Farm Frenzy, South Shore to South Coast

Early Summer Farm and Field Notes
By eSS & SC

Visiting Spring Rain Farm in Tauntun

Visiting Spring Rain Farm in Taunton

We are so proud to partner with these hard working and innovative growers, farmers, breeders, beekeepers, educators and cultivators. Each of the farms listed below has been actively engaged within the edible community to generate a nourishing and strong food system. This is their season to shine.

Here is a brief update from each farm; we hope you seek out our partner farms and get to know the slightly saucy farmers who feed our region!

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A Midsummer Day’s Dream: Planting Your Own Vegetable Garden

by Marjorie R. Williams

Summer solstice has just passed and despite your best intentions, you haven’t even begun to plant vegetables yet. If this sounds like your life (and mine), don’t despair. It’s not too late to get started and still enjoy ample harvests. Continue reading

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How to Grow Armfuls of Dahlias for Cut-flowers

By Debbie Bosworth

Grow Dahlias for cutflowers

Grow Dahlias for cut-flowers

If you ask me, Dahlias are the Grande Dame of flowers. You can grow them by seed or buy tubers. I prefer planting tubers because I know I’m going to get full height and maximum blooms from each plant, which is important when you’re growing large quantities for cutting purposes.

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DEVOUR THE ENEMY: Invasive Edibles in a Damn Good Stir Fry

by Paula Marcoux

Invasive Mustard Greens

Invasive Mustard Greens

Okay, so we’ll never entirely win the war against rampant honeysuckle, bittersweet, and burning bush, but, in a very good argument for picking our battles, we can beat out at least one invasive plant, and to the victor goes a damn good stir-fry. One of our more pernicious invasives here in southeastern Massachusetts (not to mention most of North America) just happens to be a delicious vegetable.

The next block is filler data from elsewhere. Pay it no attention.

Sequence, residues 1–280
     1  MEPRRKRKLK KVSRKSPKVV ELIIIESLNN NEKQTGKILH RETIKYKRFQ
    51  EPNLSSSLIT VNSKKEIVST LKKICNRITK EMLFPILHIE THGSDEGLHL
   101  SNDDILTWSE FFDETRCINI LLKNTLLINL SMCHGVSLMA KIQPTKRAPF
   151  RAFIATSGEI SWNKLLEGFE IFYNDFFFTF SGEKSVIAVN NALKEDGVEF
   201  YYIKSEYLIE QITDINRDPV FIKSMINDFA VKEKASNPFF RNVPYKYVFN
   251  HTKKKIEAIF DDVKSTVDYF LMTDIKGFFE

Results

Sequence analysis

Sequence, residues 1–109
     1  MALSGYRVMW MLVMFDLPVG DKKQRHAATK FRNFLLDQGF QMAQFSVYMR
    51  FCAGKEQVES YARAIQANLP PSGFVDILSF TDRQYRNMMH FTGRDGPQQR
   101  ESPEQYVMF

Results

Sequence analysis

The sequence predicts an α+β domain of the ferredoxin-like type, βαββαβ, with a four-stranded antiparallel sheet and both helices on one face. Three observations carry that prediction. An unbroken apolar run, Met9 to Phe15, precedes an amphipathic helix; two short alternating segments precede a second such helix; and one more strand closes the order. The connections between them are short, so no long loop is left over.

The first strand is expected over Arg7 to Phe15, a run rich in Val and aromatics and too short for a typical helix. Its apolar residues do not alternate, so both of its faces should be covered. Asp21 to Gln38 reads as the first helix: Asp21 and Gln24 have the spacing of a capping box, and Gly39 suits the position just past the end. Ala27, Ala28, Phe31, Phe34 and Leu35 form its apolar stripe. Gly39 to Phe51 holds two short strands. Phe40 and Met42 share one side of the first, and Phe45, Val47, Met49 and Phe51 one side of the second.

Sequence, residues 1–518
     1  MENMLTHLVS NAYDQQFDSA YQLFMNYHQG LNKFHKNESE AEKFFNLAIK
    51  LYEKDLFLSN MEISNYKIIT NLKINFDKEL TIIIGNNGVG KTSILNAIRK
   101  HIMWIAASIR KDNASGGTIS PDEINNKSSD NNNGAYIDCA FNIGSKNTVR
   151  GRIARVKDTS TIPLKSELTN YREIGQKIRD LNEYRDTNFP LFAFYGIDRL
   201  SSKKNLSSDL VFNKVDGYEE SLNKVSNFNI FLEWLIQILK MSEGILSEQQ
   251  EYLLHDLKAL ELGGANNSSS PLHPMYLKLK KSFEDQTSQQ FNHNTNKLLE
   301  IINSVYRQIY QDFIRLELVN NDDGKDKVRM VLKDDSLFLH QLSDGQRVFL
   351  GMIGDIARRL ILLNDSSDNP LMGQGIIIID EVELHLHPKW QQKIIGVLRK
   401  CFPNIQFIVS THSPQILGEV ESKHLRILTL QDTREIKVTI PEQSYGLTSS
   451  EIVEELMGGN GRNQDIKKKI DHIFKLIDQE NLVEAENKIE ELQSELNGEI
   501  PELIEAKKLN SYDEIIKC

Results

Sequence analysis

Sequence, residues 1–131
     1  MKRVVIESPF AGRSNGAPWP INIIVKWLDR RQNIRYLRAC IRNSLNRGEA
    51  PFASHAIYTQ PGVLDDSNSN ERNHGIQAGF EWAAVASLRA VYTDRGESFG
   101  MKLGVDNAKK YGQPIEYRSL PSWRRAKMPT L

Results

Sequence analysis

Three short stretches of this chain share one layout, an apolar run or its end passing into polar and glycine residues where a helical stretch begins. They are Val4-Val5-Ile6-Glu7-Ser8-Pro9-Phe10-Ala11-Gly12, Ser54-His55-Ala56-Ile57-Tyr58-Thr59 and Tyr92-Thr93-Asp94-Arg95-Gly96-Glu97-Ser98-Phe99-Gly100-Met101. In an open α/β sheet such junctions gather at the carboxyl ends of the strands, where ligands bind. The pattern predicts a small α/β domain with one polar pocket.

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Gifting My Mistakes: Reflections of a Novice Farmer

By Kohei Ishihara

Learning to grow Shiitake Mushrooms at a Freedom Food Farm workshop in April

Learning to grow Shiitake Mushrooms at a Freedom Food Farm workshop in April

This year I am starting my first commercial vegetable and mushroom operation, and the theme of my life has been the Learning Curve. Everything I do likely will take 2 to 3 times longer than what a seasoned farmer could do, and often 2- 3 painstaking trips back and forth to the hardware or farm supply store. Wasted money only adds salt to the wounds of wasted time. Today I want to give you the gift of my mistakes. Take all of them!

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Market’s Opening Signals Start of Spring for Hingham Foodies

By Tatum McIsaac

Hingham News

HFM normally located on Bathing Beach which is currently covered in snow, still!

Opening Day at Fenway Park may hold a special place in the hearts of New Englanders. It marks the unofficial start of spring. Don’t, however, tell that to the locavores of Hingham. Instead, May 2nd marked their start of spring as the Hingham Farmers’ Market celebrated its Opening Day.

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Celebrating Wareham Oysters at Stonebridge Bistro

eSS&SC: